There are six Buddy Icons and seven Wallpapers in the “Downloads” section.

“Videos” has the Teaser and Theatrical trailers, three TV Spots and video promotions for the two mobile apps that were previously mentioned.

There’s some cool stuff in “Features”: A 3D image of the Black Beauty, a Visual Synopsis that used comic-like images to recreate the lead-in to the story and more.

“Games” just has the Build & Battle link as well as an online version of the Crime Fighter tame. All the mobile things are in the “Mobile” section.

There’s a Tumblr blog that’s been setup up that has kept things up to date regarding publicity appearances and news stories.

Finally there are “3D Cards” that can be viewed with glasses obtained at various appearances on the Black Beauty’s publicity tour (more on that later) and “Comics” has information on buying the new Dynamite Comics series with the character.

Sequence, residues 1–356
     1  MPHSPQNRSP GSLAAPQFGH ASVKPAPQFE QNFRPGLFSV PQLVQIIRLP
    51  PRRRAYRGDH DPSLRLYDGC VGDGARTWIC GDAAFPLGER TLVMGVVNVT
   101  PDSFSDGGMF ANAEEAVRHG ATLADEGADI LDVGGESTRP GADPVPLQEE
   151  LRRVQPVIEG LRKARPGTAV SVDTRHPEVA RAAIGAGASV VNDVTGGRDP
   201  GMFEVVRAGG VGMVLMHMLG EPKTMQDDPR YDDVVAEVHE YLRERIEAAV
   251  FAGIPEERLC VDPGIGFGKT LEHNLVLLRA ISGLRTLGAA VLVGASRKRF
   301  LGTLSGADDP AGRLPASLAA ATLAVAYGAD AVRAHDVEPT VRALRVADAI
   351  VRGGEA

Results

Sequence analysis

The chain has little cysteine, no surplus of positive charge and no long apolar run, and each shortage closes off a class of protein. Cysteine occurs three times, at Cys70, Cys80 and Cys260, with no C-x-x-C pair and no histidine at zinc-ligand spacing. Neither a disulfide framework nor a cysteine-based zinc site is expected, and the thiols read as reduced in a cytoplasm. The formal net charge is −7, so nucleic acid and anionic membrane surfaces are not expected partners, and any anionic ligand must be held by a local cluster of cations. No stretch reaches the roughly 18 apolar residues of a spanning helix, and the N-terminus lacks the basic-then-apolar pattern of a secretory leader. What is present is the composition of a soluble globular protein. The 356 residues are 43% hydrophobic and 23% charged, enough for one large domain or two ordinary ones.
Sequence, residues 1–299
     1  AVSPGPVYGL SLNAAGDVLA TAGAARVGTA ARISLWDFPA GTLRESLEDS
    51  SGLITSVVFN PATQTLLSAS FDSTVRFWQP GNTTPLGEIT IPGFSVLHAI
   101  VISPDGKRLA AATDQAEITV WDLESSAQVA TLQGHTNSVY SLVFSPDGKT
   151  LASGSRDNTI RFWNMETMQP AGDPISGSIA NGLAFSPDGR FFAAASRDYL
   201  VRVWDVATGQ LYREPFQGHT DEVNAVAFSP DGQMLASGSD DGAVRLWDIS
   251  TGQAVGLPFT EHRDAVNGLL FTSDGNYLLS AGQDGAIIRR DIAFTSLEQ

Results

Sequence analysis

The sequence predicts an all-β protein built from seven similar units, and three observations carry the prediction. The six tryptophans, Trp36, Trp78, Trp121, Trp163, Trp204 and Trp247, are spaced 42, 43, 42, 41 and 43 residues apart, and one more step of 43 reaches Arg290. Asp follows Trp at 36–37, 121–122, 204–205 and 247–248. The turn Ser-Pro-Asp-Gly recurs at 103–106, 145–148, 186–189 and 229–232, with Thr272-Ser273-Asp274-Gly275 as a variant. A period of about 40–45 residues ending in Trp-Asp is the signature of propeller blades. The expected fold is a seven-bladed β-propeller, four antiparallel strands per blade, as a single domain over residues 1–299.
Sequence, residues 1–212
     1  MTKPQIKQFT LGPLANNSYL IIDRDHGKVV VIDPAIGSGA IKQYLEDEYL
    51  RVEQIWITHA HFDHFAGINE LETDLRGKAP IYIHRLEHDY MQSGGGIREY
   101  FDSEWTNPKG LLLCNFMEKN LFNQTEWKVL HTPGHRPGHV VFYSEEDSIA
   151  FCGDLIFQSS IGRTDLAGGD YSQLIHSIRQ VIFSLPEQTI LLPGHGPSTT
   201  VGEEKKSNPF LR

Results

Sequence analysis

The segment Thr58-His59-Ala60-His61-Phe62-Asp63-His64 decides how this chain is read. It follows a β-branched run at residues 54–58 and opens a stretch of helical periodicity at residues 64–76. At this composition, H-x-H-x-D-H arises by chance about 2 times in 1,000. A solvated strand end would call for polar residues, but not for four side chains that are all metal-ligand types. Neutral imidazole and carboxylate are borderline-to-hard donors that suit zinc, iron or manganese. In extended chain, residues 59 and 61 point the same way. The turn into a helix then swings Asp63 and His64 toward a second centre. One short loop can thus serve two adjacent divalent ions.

The movie’s Facebook page has the same sort of updates as the Tumblr blog as well as photos, videos and more.

Advertising and Cross-Promotions

Plenty of TV spots were produced and run that laid out the film’s story in a way similar to the trailers did by running through how Britt Reid’s father has been killed and how that spurs him to begin fighting crime, enlisting Kato in that effort and eventually getting all sorts of cool gadgets with which to kick butt. They’re fast paced and funny and do a good job of selling the movie to the audience as a humorous action flick.